Wandered down to BookPeople, an enormous independant bookstore in downtown Austin. Seriously, this beast was three stories, twice the floorspace of the largest chain bookstore i've ever been in. They really aren't kidding about the "everything is bigger in Texas" thing. Unfortunately they only had the huge Erikson paperbacks, so I'm still stuck with Sophie's World.
The bus left at 7:30 that night - I wound up sharing it with another hosteller, Greg. It took me about an hour of awkward conversation before I realized that he was not Joe, the guy I had been talking with the day before. In my defense they were both tall, slightly scruffy and English (all English people look alike? does this make me racist?). After I clued in and apologized we go talong much better. We pulled into New Orleans at 630 the next morning, shuffled off the bus like zombies and stared blankly at a series of maps for half an hour before figuring out where we were and where we needed to go. Unfortunately we were at different hostels so I was on my own.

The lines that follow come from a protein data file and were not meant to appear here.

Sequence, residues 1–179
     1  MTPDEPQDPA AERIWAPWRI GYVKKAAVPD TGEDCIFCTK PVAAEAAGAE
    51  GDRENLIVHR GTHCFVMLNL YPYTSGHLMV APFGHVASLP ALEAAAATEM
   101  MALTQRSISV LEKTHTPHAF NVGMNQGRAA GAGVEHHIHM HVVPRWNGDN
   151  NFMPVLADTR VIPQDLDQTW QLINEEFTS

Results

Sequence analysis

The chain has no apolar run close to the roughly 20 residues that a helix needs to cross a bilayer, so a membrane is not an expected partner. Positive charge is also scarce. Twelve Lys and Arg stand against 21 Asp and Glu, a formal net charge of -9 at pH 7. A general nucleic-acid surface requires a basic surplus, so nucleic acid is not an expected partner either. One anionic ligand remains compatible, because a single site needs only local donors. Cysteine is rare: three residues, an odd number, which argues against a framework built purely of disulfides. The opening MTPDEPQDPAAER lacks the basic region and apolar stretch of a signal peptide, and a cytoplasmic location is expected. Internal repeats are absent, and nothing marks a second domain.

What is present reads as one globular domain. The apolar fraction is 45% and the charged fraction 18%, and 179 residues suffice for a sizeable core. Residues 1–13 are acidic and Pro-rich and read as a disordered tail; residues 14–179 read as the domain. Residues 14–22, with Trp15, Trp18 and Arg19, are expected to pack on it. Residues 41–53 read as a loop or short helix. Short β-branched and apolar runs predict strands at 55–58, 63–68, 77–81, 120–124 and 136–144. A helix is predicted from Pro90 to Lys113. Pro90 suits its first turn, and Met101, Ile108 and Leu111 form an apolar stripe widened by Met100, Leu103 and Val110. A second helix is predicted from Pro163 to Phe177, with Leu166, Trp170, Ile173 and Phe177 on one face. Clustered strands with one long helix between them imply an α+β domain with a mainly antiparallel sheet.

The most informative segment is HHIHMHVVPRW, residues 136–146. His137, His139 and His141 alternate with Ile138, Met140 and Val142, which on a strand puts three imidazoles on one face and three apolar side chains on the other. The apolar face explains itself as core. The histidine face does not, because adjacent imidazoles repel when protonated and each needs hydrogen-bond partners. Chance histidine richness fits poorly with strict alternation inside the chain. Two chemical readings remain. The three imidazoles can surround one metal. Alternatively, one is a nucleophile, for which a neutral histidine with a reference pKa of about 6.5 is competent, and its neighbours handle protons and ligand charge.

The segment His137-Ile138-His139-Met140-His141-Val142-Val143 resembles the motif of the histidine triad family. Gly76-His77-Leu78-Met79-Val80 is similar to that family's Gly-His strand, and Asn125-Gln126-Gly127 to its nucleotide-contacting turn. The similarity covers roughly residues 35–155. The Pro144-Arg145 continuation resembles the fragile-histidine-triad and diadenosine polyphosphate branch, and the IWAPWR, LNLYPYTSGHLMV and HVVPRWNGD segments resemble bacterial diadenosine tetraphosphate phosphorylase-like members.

The India House is a big shambling old mansion - the inside is full of murals and assorted random junk, it is almost aggressively bohemian. I am going to attempt to take pictures, descriptions can't really do it justice. It's like a frathouse, if the fraternity was coed and made up of hippies and hipsters, with less things broken. Passed out in a dorm for a few hours, woke up around one and headed to the French Quarter to explore. Had the traditional cafe au lait and beignets at Cafe du Monde - the coffee is excellent, the beignets are exactly like every other fried doughnut thing that every single culture has a variant of. You can call it whatever you want, you can have the most elaborate recipe, but when you throw a lump of dough in a deep fryer and smother it in powdered sugar you have to accept that most of the delicate flavours are going to be obscured by delicious sugary grease.